Yahoo's CEO And The Modern Believability Crisis

IMB_IrishLiteratureI don't actually have a degree in Irish Poetry. I share this because recently at a few events I may have mistakenly mentioned that I did. See, I studied English literature at Emory University in the late 90s. While there, I took exactly two elective classes specifically on Irish literature and as most people who study that field already know – Emory has one of the best collections of Irish literature and poetry in the world. So I did focus on Irish Poetry, but the degree that I earned in 1997 was a BA in English Literature. 

Why am I telling you all this?  Well, you can hardly blame me for getting more specific this week. As anyone watching the story of Yahoo CEO Scott Thompson stepping down because of accusations that he falsified his educational credentials knows – small exaggerations can become big controversies. The fact that it has become enough to cause the downfall of a newly minted CEO of a big brand like Yahoo says a lot not just about our watchdog media culture, but also about the most important weapon that your enemies have today to take you down … the Internet.

IMB_YahooCEOScottThompsonThe fact is, today most people are predisposed NOT to believe anything that a large company or one of its officers says – this is the modern believability crisis where people just don't trust in the institutions around them. In this low trust world, if the media and blogs report that a CEO claimed to have earned a degree he didn't, people believe it without question. Why shouldn't they?  After all, they don't know him personally. But what if they did?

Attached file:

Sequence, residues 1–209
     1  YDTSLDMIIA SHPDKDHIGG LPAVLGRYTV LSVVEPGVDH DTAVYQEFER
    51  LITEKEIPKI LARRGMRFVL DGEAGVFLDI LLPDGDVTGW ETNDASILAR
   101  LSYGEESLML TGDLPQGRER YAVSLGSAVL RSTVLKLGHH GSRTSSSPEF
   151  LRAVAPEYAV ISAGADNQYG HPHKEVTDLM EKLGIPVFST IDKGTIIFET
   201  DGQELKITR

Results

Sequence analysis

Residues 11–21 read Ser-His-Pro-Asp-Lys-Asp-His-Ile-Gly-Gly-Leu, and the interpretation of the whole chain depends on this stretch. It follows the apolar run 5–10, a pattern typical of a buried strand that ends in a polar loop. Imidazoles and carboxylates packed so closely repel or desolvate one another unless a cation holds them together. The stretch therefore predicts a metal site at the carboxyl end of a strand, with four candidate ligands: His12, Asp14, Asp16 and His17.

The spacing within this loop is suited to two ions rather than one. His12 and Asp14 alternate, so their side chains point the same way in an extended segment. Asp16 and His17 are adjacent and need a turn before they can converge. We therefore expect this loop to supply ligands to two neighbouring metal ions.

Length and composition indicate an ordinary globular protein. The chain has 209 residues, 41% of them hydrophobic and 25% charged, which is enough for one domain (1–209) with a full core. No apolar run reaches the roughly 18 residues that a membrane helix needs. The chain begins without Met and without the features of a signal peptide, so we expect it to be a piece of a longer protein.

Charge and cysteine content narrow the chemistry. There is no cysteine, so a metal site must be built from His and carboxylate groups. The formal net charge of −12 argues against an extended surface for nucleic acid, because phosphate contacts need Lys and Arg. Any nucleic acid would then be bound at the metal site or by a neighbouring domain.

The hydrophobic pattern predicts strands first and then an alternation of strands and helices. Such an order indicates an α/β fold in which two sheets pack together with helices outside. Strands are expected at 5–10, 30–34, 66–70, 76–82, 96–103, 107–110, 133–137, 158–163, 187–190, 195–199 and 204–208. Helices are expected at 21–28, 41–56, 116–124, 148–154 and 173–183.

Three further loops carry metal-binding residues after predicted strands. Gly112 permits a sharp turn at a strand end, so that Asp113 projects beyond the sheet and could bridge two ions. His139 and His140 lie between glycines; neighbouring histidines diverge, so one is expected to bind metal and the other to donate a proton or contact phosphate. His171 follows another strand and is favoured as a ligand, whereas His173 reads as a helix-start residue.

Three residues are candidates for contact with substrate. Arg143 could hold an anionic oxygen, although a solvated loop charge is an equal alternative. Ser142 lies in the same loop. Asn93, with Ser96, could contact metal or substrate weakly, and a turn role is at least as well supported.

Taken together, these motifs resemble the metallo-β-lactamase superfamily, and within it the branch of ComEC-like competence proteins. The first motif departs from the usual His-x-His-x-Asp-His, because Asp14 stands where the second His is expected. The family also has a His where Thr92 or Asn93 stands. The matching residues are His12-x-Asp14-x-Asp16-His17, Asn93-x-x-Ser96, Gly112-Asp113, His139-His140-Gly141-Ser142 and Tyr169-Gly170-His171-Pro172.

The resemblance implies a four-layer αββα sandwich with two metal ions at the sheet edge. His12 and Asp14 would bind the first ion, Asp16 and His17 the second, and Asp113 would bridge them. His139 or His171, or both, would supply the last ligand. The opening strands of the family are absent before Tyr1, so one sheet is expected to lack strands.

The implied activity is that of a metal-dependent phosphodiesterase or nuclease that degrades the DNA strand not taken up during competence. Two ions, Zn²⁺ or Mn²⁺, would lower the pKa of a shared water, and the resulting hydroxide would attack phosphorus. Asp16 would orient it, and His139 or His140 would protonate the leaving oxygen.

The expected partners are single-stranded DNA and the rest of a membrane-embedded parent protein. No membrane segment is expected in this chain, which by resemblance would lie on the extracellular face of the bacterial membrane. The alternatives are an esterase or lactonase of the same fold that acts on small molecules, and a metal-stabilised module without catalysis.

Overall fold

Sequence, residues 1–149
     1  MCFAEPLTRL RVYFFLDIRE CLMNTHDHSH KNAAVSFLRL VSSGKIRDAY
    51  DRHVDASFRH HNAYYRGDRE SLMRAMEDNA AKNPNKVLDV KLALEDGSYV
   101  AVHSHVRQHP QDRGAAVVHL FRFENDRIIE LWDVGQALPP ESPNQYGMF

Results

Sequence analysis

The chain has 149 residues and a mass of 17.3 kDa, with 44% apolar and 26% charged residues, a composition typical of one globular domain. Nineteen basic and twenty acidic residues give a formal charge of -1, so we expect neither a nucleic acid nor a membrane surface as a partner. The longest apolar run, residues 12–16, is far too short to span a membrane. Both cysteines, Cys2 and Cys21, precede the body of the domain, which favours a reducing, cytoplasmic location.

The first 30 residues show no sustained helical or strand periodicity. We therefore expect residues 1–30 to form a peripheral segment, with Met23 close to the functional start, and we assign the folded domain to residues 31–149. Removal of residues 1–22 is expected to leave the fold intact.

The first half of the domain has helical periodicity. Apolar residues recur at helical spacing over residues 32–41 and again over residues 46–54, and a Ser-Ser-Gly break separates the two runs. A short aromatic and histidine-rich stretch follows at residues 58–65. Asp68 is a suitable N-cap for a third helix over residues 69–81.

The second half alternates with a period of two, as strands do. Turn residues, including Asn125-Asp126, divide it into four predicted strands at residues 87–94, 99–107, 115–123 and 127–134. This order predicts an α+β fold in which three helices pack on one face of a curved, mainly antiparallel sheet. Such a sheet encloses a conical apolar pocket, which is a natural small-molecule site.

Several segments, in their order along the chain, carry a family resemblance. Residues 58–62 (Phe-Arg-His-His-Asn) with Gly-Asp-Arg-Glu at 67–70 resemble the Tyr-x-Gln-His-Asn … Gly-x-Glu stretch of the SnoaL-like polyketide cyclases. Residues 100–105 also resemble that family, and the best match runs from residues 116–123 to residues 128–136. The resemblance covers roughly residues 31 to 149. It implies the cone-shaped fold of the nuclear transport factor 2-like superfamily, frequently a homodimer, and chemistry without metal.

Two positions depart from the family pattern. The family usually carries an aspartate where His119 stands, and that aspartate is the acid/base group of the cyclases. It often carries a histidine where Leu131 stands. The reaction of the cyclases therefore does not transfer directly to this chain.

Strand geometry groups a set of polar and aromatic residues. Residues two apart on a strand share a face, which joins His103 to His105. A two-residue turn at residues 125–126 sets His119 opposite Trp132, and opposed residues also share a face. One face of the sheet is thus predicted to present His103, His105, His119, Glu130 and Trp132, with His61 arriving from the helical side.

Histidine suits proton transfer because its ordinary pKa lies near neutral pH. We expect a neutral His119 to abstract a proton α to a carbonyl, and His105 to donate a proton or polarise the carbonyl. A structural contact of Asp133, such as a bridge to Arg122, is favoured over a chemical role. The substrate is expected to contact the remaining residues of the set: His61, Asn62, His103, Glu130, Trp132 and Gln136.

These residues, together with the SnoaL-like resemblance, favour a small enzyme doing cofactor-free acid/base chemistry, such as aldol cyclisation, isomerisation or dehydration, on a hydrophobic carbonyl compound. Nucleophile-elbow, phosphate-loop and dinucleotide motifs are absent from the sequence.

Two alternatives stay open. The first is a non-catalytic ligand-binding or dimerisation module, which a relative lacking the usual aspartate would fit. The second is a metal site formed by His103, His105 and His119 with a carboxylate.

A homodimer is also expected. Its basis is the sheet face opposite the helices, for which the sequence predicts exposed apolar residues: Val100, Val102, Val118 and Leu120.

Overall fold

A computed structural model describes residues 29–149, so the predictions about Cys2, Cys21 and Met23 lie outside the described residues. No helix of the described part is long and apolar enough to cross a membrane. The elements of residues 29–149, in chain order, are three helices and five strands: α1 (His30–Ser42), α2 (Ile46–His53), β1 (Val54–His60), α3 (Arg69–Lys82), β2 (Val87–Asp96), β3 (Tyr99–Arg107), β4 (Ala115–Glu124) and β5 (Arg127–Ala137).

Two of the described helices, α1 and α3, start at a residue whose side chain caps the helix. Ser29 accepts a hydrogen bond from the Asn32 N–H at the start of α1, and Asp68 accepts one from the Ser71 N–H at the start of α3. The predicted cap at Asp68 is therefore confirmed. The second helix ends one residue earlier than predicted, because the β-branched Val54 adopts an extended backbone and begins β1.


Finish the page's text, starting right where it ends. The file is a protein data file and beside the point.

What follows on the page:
What if you did? Would Thompson's resume gaffe still have been as big a deal?  I started this post by confessing the truth about my education to you. I didn't mean to lie to anyone. When I tell people I studied Irish Poetry, it is the truth. But I didn't earn a piece of paper that says that, so technically I tok . While you are considering whether or not you feel misled by my exaggerated claim – consider this question as well: what if Thomson had his own platform such as a blog to clear the air and tell his story in his own voice?
 

The fact is, as we live in a world where people believe fewer and fewer messages associated with corporations, the only real solution is to find a more human way to make connections. We believe the people that we know and like – whether they happen to be CEOs of big brands or marketing bloggers. It may also be the best recent argument for every CEO to start their own blog – or at least their own personal platform to talk directly to the people they manage and those who are influenced by them. 

 

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